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Imperial War Museum London

The Imperial War Museum (IWM) London is one of the five branches of the Imperial War Museums located across England. The museum is also one of the three located in the London area besides HMS Belfast and the Churchill War Rooms. The other museums outside of London are the Imperial War Museum Duxford in Cambridgeshire and the Imperial War Museum North in Trafford.

The Imperial War Museum London has been at its current location (housed in a former 19th century hospital building) at Lambeth Road since 1938. The museum here explores the history of modern warfare beginning from World War I to the present day, covering conflicts involving British and Commonwealth forces. It also illustrates about the human tolls, sacrifices, sufferings and tragedies on people affected by armed conflicts and the human desire for hope and peace.

 Imperial War Museum London by DeFacto

About

The original purpose of the Imperial War Museum London was to record the story of World War I (then known as the Great War) and contributions made by subjects of the British Empire. Today, the museum also covers World War II and other major military events in the 20th and 21st centuries involving the UK. The museum comprises of several permanent exhibitions themed on armed conflicts since the last century. Exhibits at the museum include fighter planes, tanks, artillery and light weapons as well as uniforms, medals, insignias, flags and photographs.

Witness to War

The entrance to the Imperial War Museum London leads you to the Atrium where the Witnesses to War exhibition is located. Suspended from the ceiling are a Harrier Jump Jet attack aircraft and a Supermarine Spitfire fighter plane. The Spitfire fighter plane on display flew over 50 combat missions during the Battle of Britain in 1940. Below the planes is a V-2 rocket used by Nazi Germany during World War II. Other exhibits in the Atrium include a 13-Pounder Gun from World War I and a T-34 Soviet medium tank used during World War II. There is also a Reuters Land Rover damaged by a rocket attack in Gaza and a car destroyed by a suicide car bombing in Baghdad.

Harrier jet and V-2 rocket by Zorbedit

First World War Galleries

The First World War Galleries explain how World War I began, the Allied victory and its impact on history. It tells not only from the perspective of the battlefront but also from the home front. It tells about the war from the eyes of the British people as well as subjects of the British Empire. The exhibition describes the destruction, suffering and losses but also the endurance, devotion and comradeship during the war. Battles covered include the Battle of Somme, Battle of Passchendaele, Battle of Cambrai and the Gallipoli Campaign. Exhibits include weapons, uniforms, equipment, diaries, letters, photographs and films.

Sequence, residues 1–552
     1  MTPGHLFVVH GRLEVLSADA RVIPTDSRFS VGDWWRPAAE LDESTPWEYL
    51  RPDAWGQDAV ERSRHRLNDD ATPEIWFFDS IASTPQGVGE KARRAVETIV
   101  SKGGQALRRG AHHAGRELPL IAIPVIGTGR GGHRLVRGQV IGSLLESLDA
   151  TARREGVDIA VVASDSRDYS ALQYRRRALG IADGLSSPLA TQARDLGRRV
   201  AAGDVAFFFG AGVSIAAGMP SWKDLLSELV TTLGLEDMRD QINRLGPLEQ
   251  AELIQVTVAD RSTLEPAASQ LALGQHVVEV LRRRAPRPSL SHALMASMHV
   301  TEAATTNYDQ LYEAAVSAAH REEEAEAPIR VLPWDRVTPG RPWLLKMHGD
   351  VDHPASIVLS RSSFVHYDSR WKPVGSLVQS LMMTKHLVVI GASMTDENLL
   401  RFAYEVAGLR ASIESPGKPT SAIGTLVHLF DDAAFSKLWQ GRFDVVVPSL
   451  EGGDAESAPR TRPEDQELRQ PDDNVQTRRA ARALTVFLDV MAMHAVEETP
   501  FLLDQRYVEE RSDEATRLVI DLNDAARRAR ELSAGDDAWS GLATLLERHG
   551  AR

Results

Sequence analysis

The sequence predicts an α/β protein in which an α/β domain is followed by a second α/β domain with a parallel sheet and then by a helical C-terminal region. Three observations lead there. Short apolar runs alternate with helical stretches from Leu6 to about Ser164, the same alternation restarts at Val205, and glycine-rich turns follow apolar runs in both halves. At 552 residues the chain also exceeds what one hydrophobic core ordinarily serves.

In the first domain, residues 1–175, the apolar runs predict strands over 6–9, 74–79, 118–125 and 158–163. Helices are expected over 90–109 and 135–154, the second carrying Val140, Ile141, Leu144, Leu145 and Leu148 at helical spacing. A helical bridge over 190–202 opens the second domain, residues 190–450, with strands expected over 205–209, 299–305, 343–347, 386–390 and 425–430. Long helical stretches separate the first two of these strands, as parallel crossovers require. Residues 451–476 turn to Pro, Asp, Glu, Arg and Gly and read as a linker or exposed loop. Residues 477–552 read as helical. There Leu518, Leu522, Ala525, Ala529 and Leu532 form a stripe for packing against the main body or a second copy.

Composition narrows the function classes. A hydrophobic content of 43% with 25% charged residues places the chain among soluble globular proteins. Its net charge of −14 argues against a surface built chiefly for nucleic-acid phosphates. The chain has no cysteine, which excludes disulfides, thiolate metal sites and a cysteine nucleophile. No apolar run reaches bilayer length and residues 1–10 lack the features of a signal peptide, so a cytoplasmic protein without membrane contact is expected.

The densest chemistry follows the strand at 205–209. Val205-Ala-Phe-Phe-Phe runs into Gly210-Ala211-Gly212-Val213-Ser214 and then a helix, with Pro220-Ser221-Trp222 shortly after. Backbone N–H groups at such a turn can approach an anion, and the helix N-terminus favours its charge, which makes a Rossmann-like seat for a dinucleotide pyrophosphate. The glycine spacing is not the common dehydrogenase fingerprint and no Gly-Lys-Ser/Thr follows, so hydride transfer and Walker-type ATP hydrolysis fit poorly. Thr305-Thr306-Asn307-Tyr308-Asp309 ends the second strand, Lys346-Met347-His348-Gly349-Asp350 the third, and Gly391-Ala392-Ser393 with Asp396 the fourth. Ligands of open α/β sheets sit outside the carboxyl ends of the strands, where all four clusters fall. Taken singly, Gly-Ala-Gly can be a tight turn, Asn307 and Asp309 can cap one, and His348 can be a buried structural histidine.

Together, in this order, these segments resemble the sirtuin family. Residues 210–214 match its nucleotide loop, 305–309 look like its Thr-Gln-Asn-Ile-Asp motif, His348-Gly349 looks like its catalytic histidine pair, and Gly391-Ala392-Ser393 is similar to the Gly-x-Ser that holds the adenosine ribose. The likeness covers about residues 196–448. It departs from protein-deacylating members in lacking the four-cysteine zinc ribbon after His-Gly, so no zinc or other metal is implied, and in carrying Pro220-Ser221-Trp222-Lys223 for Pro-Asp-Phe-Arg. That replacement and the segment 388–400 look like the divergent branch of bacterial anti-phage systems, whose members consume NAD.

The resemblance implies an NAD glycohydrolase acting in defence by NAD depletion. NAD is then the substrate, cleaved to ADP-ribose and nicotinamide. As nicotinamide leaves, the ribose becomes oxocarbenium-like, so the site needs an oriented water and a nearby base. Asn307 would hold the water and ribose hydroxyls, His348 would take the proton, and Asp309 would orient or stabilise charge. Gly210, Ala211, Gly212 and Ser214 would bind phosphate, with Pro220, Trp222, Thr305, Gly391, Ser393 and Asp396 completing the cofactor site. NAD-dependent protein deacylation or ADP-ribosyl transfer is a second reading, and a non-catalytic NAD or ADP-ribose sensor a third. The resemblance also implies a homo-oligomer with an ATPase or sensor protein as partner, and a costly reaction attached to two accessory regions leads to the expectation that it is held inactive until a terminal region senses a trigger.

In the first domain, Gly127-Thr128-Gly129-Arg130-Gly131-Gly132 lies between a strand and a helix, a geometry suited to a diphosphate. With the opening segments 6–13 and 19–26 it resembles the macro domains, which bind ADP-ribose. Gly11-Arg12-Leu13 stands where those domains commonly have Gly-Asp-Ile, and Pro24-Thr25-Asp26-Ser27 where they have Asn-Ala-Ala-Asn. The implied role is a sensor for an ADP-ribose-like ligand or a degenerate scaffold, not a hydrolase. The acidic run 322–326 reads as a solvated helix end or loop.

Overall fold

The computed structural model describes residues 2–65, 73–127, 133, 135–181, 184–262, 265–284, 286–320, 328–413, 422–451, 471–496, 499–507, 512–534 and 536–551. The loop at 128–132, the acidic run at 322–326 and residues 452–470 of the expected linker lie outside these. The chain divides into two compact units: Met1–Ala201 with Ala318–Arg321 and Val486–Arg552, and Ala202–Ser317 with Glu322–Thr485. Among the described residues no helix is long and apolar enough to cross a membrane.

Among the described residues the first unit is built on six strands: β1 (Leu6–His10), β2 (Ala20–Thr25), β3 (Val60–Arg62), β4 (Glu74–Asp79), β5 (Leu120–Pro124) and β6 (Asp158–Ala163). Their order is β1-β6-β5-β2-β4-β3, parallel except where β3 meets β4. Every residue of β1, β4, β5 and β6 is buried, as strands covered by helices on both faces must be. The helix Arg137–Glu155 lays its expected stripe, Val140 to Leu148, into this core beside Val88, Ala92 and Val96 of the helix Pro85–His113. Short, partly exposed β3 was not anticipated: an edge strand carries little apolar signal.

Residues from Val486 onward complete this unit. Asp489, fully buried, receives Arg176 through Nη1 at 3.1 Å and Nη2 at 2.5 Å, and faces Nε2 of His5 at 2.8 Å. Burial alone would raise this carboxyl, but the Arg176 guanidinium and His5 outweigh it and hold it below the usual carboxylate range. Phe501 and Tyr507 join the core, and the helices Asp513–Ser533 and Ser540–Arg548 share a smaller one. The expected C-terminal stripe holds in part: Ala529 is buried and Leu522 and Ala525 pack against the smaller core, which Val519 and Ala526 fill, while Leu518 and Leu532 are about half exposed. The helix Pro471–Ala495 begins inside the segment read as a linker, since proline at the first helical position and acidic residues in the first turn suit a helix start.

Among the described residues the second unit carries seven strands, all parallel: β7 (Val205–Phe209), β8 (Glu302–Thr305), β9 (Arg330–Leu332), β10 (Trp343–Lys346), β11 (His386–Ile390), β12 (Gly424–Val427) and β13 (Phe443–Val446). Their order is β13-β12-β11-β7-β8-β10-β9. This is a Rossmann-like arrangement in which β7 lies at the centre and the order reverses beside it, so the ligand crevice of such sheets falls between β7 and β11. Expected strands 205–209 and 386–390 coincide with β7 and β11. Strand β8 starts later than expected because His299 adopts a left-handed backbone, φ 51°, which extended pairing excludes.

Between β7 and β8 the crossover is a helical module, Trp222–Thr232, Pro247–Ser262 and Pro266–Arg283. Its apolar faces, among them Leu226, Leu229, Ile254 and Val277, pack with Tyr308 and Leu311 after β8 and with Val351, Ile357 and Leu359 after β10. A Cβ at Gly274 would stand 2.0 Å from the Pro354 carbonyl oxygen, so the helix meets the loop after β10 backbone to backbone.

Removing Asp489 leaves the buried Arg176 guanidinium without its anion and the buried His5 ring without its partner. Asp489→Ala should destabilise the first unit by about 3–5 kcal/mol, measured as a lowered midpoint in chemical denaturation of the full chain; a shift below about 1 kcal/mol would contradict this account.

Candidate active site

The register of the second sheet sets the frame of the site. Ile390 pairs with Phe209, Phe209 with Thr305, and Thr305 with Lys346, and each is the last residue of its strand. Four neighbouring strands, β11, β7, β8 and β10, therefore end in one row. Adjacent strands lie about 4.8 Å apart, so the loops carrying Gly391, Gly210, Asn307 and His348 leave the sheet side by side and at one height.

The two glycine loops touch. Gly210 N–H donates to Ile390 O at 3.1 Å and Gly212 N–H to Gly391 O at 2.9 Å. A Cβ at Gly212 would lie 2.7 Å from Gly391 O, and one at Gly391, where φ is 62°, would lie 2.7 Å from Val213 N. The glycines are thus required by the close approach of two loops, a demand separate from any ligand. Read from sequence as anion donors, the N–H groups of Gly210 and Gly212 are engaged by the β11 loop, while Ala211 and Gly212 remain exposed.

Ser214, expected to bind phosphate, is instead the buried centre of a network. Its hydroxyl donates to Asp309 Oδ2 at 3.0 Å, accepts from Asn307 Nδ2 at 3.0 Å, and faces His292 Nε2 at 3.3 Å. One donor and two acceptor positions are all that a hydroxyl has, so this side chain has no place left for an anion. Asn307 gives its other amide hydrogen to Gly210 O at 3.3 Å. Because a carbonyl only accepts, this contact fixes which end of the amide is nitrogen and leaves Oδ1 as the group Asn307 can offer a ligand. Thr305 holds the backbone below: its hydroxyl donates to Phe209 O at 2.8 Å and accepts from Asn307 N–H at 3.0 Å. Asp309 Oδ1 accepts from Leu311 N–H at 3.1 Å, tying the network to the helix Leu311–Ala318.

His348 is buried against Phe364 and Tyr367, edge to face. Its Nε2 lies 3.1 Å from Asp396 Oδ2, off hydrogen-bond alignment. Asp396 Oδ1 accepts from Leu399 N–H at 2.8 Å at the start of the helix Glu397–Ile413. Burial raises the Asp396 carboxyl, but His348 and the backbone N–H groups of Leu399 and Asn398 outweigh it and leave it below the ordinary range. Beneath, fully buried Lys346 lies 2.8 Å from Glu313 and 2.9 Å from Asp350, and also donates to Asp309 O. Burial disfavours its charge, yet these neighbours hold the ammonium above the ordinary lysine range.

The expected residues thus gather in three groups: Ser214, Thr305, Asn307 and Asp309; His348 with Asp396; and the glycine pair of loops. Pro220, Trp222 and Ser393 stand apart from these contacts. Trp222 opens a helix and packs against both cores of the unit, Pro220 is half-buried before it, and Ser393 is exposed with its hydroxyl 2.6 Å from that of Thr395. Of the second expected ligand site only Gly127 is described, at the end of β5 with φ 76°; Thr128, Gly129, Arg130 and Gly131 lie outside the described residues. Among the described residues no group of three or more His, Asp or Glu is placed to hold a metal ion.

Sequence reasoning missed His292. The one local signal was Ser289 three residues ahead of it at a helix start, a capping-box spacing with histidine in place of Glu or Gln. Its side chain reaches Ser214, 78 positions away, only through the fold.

Sopwith Camel from World War I by calflier001

Turning Point

Turning Point explores key moments that were major turning points for the Allies during World War II such as the role of strategic bombings and the D-Day landings at Normandy in June 1944. Other major turning points were the German defeats on the fighting fronts in Russia and Africa. Secret weapons include the Enigma Machine used by the German military to encrypt and decrypt coded messages during the war. However, the code breaking efforts of Alan Turing help the change the history of the war in the Allies favour.

German tank from World War II by Mobius One

A Family in War Time

A Family in Wartime tells the story of how a British family faced the challenges of World War II at home in London. Learn how ordinary Londoners coped with rationing, work and evacuation during the war. Discover how radios connected people with those on the fighting front and the different wartime roles played by men and women. Also, learn how Londoners coped with the German aerial bombings and celebrated V Day on May 8 1945, which marked the end of the war in Europe.

Other Galleries

The Secret War uncovers the world of espionage, covert operations and some of the most secret espionage operations from World War I to the Cold War. Peace and Security tells the story about armed conflicts and divisions between communities around the world since the end of World War II. African Soldier tells about the millions of African soldiers who served in the British colonial campaigns in Africa and their fight on the Western Front in World War I. The Holocaust Exhibition is about the persecution of the Jews under Nazi Germany.

Visiting the Imperial War Museum London

Admission to the Imperial War Museum London is free though the temporary exhibitions may incur an admission fee. The museum opens daily including Bank Holidays (closes on 24th, 25th and 26th December) from 10:00 a.m. to 6:00 p.m.

The nearest London Underground station is Lambeth North Station (serving the Bakerloo Line) and about 5 minutes walk from the museum. Other stations include Waterloo Station (serving the Bakerloo, Jubilee and Northern Lines) and Elephant & Castle Station (serving the Bakerloo and Northern Lines) and both are about 10-15 minutes walk from the museum.

Imperial War Museum London on the Map

Lambeth Road, London SE1 6HZ, UK

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